By Elizabeth Gooding, Inkjet Insight
Note: This article was updated on 4-23 to correct a calculation error. (Yes, it happens to us too.)
I recently attended a panel presentation on the business justification process for production inkjet (not as boring as it sounds). Naturally, the conversation came around to Total Cost of Ownership (TCO) analysis and the moderator asked the panelists if there were any big differences between their pre-purchase analysis and the actual TCO. Here’s the answer:
“We forgot to estimate for power consumption.”
Ouch. I’m not mentioning who said it because that’s kind of a big deal. The difference in power consumption between one inkjet device and another can be significant. A difference in power specs could also result in a significant difference in annual costs, depending on the number of shifts you run and a number of other variables.
When looking at specifications for power consumption, you need to find the amperage, or current, measured in amps and the voltage measured in volts. Some device brochures are straight forward and call out the amperage and voltage per engine, some have ranges and others say that power consumption “varies” (more on that in a minute). Most production printers use 240-volt power, but not all of them. The same amperage with a 120 volt “plug” uses half the power.
Here’s how the math works:
- AMPs x Volts gives you Wattage
- Wattage / 1,000 gives you Kilowatts
- Then you need to apply this to one or two engines in the device – and don’t forget finishing add-ons or drying units.
When you are looking for what your power actually costs (without going to your CFO and asking for a copy of the bill), you can get a good estimate from the Choose Energy website which provides average commercial power costs by state and type of power.
Power is charged in cents per kilowatt hour. Costs in the U.S. range from a low of 7.1 cents in Oklahoma to 30.4 cents in Hawaii. Your device will only draw top power when printing at top speed. For comparative purposes, we have assumed that the device is running for 7 hours out of each 8-hour shift. Annualized results are shown for 15, 20 and 25 amp devices (with 2 engines) running 6 and 12 shifts per week. See Table 1 below.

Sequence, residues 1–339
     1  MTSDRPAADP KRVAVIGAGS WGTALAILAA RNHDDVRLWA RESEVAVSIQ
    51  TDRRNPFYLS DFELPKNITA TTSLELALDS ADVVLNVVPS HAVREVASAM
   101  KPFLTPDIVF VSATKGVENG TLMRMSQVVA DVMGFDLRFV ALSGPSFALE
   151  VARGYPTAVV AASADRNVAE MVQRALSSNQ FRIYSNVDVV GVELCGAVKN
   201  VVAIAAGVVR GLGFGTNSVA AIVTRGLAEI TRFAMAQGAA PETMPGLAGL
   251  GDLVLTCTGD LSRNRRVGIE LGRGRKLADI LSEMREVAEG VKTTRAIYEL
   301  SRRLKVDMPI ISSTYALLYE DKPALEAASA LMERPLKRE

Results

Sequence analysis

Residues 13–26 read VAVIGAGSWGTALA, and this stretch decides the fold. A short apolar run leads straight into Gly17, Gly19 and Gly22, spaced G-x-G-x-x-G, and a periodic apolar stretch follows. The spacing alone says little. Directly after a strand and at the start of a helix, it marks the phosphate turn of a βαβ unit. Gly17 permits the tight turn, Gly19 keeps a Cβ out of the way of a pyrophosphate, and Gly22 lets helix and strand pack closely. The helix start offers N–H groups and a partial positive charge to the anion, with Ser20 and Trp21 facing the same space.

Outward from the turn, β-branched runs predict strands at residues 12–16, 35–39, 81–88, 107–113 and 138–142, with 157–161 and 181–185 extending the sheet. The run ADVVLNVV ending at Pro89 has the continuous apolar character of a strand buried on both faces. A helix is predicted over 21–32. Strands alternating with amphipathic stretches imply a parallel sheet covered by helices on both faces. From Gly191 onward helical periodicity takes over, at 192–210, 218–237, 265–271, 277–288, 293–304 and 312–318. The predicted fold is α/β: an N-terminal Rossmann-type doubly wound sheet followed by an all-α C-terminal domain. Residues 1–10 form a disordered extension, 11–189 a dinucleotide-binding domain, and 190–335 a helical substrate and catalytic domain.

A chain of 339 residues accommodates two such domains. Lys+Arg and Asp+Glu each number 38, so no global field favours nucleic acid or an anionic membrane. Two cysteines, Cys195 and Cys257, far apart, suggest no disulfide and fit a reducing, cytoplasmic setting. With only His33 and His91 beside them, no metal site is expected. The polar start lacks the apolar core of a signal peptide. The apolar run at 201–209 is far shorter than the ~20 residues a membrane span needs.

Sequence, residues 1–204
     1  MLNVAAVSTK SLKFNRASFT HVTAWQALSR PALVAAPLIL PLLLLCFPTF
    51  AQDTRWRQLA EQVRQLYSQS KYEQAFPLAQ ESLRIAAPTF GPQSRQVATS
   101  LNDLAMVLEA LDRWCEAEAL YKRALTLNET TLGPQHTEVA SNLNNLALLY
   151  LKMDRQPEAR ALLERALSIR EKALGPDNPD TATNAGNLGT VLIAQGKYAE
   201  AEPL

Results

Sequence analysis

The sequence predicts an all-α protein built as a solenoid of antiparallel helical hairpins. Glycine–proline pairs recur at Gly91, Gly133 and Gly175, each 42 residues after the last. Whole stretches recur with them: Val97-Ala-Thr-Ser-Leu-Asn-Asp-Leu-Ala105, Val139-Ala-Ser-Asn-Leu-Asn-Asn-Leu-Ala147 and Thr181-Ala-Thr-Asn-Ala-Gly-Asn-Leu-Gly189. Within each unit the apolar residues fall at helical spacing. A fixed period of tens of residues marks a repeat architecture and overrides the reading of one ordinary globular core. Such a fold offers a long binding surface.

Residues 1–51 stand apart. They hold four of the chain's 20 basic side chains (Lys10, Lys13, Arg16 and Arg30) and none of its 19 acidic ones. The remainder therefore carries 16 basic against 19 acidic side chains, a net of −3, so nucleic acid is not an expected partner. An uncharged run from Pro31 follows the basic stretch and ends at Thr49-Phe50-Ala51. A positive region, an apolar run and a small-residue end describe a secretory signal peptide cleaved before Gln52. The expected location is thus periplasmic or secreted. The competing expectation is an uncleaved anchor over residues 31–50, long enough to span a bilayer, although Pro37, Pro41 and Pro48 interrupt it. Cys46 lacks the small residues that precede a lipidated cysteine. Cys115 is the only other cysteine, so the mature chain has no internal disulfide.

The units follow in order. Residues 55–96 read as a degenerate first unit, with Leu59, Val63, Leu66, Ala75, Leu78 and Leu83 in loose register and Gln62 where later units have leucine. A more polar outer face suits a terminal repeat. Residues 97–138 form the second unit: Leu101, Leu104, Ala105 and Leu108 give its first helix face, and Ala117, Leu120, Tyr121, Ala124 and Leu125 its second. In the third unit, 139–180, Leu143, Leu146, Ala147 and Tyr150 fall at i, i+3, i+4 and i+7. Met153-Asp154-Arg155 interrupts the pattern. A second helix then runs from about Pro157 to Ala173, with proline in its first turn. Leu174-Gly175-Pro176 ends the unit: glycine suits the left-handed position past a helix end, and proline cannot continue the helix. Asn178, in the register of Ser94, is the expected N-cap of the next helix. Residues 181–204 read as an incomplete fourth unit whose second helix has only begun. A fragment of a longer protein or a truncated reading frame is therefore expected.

As you can see from the table above, a 5-amp difference in power consumption can mean a difference in annual cost of anywhere from $2,600 to over $30,000 for a single twin engine machine. When you factor in multiple machines, additional dryers and finishing equipment, energy cost becomes and important factor.
Power Consumption Varies
As noted earlier, power consumption varies. The configuration of your device can impact power consumption – particularly with respect to air circulation, paper path and drying options. Power consumption will also be affected by ink coverage, ink type and media type used. Also, the climate control of the print room can impact power consumption; the more air flow and natural cooling in the print room, the less that needs to be spent counteracting heat from printers. Conversely, if there is less heat thrown off by the printer, you will spend less on cooling the room.
Keep in mind that some devices have been designed with longer paper paths that help to reduce power needed for drying. However, in some cases, this comes with the tradeoff of increased paper wastage if the printer can’t engage until the device approaches top speed.
If you are evaluating printers for purchase, make sure that the cost of power is reviewed in detail for the specific configuration of the device you are considering. If you already have installed a printer and are concerned about power consumption, there are potentially some things that can be done to positively impact power consumption (drop us a note). We have power statistics for many different machines on Device Finder, but you will want to get the specifics for your configuration from your OEM.